In a school that just lost it’s music teacher, Trifecta Arts is beginning a new program to teach interested students the fundamentals of music. Francisco Huerta Rendon School in Salinas, Ecuador had a music program that consisted of glockenspiels and snare drums. It was limited to the older students and had to be discontinued when the music teacher was transferred to a school in a larger city, in the middle of the school year.
We are starting with a different approach (following the model of many elementary schools in the United States) and using the simple recorder to teach reading music and group performance skills. The classes are being taught by two local musicians, David Moises Murillo Lima and Mauro Andres Murillo Lima. David and Mauro both have performance experience, but this is their first assignment teaching a group of 2nd – 6th graders. We have two groups with a total of 40 students for this session with will run for 4 weeks with 2 classes per group per week. At the end of the session, we hope to have a brief performance to allow the students to gain public performance experience.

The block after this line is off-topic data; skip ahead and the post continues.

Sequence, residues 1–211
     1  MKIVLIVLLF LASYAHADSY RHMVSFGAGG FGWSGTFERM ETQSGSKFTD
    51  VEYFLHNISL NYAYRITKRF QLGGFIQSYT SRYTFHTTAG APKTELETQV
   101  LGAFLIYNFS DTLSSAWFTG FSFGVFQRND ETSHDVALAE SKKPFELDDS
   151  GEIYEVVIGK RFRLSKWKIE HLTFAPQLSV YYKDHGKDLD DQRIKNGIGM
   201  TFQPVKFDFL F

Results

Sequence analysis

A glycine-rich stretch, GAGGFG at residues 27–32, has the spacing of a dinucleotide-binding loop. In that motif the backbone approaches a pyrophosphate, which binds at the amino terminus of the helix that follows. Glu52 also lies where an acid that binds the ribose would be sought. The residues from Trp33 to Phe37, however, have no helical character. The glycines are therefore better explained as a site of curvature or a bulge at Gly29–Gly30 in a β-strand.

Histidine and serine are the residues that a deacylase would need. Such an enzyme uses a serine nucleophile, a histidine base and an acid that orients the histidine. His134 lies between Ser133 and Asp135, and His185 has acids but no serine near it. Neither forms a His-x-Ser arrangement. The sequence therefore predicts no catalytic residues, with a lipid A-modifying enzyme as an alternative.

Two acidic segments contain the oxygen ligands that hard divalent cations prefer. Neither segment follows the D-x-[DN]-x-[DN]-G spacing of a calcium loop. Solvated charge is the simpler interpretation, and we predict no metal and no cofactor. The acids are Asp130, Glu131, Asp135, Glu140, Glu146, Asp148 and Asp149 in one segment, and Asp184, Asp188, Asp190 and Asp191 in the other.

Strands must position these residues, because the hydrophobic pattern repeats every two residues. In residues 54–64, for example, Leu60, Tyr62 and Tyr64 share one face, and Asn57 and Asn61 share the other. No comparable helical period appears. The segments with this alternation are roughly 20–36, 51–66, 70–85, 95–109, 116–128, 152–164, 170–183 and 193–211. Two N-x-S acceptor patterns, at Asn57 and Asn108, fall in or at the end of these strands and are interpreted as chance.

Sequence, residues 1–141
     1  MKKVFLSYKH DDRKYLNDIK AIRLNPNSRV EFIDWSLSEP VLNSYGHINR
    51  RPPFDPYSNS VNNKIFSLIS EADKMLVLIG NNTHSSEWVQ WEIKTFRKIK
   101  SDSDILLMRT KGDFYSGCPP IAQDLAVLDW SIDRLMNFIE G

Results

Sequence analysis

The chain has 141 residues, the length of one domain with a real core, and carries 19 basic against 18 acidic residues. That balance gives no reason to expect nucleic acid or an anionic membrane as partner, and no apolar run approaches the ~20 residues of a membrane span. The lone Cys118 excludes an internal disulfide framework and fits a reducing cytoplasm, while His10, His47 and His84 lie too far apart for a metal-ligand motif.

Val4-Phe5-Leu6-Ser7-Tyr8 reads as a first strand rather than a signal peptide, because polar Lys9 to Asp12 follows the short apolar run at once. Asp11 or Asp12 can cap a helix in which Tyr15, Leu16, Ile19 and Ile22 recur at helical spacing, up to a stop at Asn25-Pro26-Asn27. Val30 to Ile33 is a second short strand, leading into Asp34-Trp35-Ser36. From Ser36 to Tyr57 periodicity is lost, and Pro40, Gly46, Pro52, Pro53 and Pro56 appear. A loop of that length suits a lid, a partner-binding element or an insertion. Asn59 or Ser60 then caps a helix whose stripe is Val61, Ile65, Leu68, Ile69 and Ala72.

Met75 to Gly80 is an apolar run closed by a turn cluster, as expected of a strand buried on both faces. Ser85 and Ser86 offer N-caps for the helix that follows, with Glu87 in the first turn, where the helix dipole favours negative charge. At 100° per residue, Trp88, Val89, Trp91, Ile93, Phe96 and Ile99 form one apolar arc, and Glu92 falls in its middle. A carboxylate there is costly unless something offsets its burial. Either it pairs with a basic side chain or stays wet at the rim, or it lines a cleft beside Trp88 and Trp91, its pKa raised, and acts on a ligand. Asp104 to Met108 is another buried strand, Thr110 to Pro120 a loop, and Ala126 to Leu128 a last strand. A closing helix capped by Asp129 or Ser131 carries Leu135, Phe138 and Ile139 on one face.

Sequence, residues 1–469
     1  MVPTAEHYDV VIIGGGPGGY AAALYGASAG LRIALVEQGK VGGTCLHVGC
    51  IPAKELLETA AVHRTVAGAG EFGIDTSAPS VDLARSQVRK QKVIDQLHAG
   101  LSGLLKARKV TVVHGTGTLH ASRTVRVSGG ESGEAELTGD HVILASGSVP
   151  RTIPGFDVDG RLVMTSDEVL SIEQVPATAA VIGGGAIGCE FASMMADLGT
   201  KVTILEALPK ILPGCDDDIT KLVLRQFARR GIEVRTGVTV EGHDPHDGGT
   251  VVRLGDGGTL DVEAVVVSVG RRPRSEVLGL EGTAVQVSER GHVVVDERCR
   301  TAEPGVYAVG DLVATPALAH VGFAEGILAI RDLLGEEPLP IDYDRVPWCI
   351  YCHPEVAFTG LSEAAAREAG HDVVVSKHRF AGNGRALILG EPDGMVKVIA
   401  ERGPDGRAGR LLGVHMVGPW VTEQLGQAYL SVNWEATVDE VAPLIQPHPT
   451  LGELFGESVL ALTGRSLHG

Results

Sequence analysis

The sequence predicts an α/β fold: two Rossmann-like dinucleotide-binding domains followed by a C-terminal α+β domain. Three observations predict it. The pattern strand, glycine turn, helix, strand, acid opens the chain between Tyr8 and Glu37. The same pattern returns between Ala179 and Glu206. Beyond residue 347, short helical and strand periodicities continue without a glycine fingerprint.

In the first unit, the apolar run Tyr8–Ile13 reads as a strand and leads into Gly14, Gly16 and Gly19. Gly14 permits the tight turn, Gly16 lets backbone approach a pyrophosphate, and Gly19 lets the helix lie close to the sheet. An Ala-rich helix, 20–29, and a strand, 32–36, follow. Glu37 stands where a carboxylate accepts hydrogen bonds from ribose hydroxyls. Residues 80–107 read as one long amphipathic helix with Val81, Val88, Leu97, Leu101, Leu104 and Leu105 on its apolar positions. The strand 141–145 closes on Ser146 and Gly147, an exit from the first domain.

As I sit in on the classes, it is very interesting that they use the “Doe-Ray-Me” scale with Spanish spellings instead of the “A-G” scale used in the United States. So, instead of learning the notes by memorizing F-A-C-E for the spaces and E-G-B-D-F (Every Good Boy Does Fine) for the lines of the staff, the children are memorizing “Do-Re-Mi-Fa-So-La-Si-Do.” (No, Julie Andrews, I don’t know what they did with the “Tea!”)
The cultural differences continue with the names of the notes… Whole note = Redondo (Round), Half note = Blanco (White), Quarter note = Negro (Black). And while these names are certainly descriptive of the symbol, it doesn’t really relate to the length of the note relative to the time signature. Any music teachers out there ever run into this?
It’s all very confusing to me, so I think I’ll stick with the way I learned it in 6th grade with my second-hand Bundy Flute.
Stay tuned for future updates and visit the Initiative Page (Click here) to learn more and make a donation to support this program!